Pitigliano, the little JerusalemHistorical Curiosities
Pitigliano, the little Jerusalem
Pitigliano is a delightful village in the Maremma area of Tuscany, perched on a block of tufa that is seamlessly replicated in the peculiar village’s buildings resting on it. The ancient stones of the narrow alleys and houses have witnessed vicissitudes that are lost in the ancient origins of this town. Surely the peaceful coexistence between Christians and Jews is one of the most beautiful events in the history of Pitigliano. The name that still distinguishes this pleasurable village can be attributed to this coexistence: 'the little Jerusalem'.
You just have to wander round the village to see the signs of the Jewish presence, evidenced by such buildings as the Synagogue - rebuilt in 1995 after the one erected in 1598 had collapsed - the premises where once was the kosher butchery and the bakery where matzo used to be baked. But there is more to it! Just think that kosher wine is still produced in a local wine cellar!
The relationship between Jews and Pitigliano, however, has very ancient roots. It seems that the small Tuscan village first welcomed Jews in the 15th century, even if the community’s size increased considerably following the restrictions resulting from the Pope edicts of 1555 and 1569 and the decrees of the Grand Duke of Tuscany in 1570 and 1571. Since Pitigliano was one of the few places untouched by such measures, from this moment on the chapter of the beautiful coexistence between Jews and Christians as two perfectly integrated communities came into being.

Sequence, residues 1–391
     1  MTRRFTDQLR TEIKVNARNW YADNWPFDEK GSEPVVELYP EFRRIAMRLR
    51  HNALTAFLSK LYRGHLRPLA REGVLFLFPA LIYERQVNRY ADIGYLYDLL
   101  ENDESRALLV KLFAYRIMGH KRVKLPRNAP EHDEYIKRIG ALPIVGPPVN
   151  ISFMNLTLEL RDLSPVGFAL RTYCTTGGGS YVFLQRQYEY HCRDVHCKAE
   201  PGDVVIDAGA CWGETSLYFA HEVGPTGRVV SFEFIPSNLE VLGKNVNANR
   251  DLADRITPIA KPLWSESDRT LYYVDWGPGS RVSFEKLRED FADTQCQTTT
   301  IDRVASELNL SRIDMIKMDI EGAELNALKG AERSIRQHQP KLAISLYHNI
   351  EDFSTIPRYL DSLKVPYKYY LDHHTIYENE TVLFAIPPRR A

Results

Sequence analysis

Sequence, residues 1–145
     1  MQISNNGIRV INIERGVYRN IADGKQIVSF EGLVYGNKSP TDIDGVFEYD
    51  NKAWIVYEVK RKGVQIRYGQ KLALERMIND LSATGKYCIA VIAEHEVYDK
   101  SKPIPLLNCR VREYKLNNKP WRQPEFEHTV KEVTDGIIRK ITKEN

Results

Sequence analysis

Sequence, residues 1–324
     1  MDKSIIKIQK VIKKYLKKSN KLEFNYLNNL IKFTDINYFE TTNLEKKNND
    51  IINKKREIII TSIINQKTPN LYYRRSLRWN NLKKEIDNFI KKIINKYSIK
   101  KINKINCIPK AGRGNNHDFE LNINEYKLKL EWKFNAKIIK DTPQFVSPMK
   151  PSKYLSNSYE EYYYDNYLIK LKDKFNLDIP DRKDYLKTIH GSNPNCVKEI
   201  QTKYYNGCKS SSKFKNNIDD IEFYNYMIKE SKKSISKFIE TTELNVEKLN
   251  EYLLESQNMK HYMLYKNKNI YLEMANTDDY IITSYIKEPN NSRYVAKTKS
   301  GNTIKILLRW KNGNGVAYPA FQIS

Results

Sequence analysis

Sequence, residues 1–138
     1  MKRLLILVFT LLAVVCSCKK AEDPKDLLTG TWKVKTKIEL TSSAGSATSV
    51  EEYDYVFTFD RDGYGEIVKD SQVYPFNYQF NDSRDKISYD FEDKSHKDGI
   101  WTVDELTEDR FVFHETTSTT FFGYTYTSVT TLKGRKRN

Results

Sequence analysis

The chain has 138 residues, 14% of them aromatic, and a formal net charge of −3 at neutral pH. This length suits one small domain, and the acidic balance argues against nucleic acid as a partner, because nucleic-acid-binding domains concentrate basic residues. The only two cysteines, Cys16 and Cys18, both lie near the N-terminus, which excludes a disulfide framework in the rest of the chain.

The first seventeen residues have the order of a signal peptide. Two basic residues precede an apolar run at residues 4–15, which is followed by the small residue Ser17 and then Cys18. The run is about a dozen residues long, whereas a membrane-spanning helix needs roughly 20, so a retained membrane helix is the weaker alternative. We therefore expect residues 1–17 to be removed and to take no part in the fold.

This is demonstrated by the celebration called 'The night of the Orvietani' that took place until a few years ago, in memory of an episode in 1799, when all the inhabitants, as well as the village’s rulers, rose in defence of the Jews from the cruelties of the anti-French military that wanted to loot the ghetto. This celebration is still vivid in Elena Servi’ memories, born in 1930, one of the last Jews remaining in Pitigliano. She also remembers the dark period of the Nazi racial laws and when she was forced to abandon Pitigliano with her family. Fortunately, a bunch of young people have founded an association that promotes Jewish culture and is aptly called 'Little Jerusalem', thanks to which it is possible to visit the Synagogue, the Jewish Museum and other places in the ghetto.
A beautiful and fascinating story, don’t you think? Do you want to discover some more? Then visit our section on the
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